Georgie explores the roots of the increasingly popular American design style and shares her current American Interior Designer to watch.
American culture has been a pretty strong influence on many aspects of Australian culture lately, ignoring the influences of TV and movies, just think about all those pulled pork sliders, ribs and BBQ joints that have just mushroomed recently in our inner urban precinct. Love your local ‘Speakeasy’ serving American bourbons? Well we know a replica bar in every city from Brisbane to Hobart. But a conversation we have had a great deal more difficulty starting, is understanding how American design has influenced our interior designers.
It’s pretty clear that the American design style has never really translated to our shores. Yeah I hear you talking about ‘Hamptons’ style but in reality that never has found a true expression in Australian homes, and has often been a mash-up of other influences, particularly the Scandinavians simple use of wood, wash and single hues in the colour palette.
Is American design bad, crass and over the top? Well no its not, in fact so much of American design is just so darn good that we are at a loss to understand why we have been so slow to adopt aspects of it. If you stay at an upmarket Hotel you will find an attention to detail, proportion and level of comfort that really is only surpassed by the grand hotels of Paris. On reflection the lineage of this design is Georgian in origin, which was characterised by an adherence to theories of order, symmetry, and proportion drawn from classical models during the Renaissance, represented a significant departure from earlier English decorative traditions.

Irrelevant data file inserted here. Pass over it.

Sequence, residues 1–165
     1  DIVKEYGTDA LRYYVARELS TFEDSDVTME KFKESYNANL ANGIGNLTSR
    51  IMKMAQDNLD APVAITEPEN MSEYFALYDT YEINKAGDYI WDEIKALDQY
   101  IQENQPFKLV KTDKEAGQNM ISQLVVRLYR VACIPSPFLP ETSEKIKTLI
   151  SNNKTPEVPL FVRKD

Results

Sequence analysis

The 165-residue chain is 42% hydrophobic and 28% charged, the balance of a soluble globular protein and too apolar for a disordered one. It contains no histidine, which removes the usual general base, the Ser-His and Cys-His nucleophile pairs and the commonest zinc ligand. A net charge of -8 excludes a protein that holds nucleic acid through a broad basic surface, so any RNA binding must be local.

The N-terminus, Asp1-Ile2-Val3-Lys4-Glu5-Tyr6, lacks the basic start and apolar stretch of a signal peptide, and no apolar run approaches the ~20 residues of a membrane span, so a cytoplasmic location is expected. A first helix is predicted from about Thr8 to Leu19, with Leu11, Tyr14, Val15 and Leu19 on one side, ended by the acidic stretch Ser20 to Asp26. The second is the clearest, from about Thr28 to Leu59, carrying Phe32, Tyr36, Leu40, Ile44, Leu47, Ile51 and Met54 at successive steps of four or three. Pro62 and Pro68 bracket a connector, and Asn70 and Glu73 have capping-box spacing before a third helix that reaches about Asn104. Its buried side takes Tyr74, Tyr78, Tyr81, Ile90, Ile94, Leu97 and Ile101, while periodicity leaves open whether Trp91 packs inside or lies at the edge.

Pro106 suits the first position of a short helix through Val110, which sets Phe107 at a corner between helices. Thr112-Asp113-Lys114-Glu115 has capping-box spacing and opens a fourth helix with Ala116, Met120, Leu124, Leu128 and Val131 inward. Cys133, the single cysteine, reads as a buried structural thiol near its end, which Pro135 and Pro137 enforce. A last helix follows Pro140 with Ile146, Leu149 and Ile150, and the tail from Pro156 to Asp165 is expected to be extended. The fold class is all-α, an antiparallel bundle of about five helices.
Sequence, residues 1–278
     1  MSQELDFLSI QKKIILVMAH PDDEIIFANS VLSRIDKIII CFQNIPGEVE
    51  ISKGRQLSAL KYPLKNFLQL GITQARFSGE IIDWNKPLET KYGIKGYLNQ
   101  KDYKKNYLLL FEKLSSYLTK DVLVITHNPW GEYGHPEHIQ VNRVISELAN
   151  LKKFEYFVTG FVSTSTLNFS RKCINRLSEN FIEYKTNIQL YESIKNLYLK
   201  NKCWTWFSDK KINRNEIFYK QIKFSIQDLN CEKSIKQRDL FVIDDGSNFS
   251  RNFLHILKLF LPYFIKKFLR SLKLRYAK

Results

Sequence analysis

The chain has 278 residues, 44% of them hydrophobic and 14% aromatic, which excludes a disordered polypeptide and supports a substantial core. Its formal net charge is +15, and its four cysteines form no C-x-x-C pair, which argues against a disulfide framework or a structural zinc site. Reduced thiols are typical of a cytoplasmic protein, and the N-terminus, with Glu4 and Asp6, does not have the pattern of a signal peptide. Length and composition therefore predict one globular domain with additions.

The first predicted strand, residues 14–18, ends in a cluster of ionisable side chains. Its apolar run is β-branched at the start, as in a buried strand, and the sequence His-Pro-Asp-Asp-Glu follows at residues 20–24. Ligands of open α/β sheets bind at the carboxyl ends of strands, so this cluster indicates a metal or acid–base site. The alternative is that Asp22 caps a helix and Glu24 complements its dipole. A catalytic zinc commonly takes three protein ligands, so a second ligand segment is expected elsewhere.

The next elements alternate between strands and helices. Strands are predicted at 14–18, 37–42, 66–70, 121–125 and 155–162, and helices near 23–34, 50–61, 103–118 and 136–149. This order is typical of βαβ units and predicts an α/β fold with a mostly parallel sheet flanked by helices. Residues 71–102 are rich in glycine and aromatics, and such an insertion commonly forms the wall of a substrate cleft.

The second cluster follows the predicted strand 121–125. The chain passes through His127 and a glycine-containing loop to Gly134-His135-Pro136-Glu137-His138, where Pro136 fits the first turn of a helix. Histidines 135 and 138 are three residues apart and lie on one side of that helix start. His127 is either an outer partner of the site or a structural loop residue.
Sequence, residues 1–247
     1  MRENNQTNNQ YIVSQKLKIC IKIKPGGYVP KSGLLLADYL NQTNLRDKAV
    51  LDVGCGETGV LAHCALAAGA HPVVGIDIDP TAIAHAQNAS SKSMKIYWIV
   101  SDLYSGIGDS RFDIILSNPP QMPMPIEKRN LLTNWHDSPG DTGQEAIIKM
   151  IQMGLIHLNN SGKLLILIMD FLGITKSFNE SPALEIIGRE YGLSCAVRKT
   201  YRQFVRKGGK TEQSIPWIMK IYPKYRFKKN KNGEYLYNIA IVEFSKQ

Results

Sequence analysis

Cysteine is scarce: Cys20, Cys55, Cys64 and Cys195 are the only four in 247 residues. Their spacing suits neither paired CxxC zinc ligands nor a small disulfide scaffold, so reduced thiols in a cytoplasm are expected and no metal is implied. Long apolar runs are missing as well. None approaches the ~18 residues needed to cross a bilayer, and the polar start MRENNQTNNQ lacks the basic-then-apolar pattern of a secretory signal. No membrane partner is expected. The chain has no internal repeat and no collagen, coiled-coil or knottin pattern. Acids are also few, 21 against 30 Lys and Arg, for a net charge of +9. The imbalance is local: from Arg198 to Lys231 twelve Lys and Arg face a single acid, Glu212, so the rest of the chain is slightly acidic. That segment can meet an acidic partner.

This design trend, based on the firsthand observation of Greek and Roman ruins, idealised the perfect state and carry the weight of American independence and sense of built identity. Typically you found interiors of this period with a simple cornice and dado rail running along three of the room’s walls and elegant crossetted moldings enhancing the fireplace surround and overmantle. Fluted pilasters on the fireplace wall established the proportion of the room and carried a simple entablature that incorporated the window surrounds as it encircled the room.
Later the influences of Rococo ornament in the middle of the eighteenth century, with its use of naturalistic ornament to circumvent strict classical conventions, also had an effect on Georgian interiors. If you think wallpaper, carved wooden rosettes and embellishment over doorways, then you get this very American interior design style that is just so persistent in the USA today.
Our American Designer to watch is Catherine Kwong of Catherine Kwong Design, who epitomises that design lineage with her rich and elegant interiors. If you look closely at her interiors you will see Georgian, Roccoco and Quaker influences in her designs, which are very uniquely American.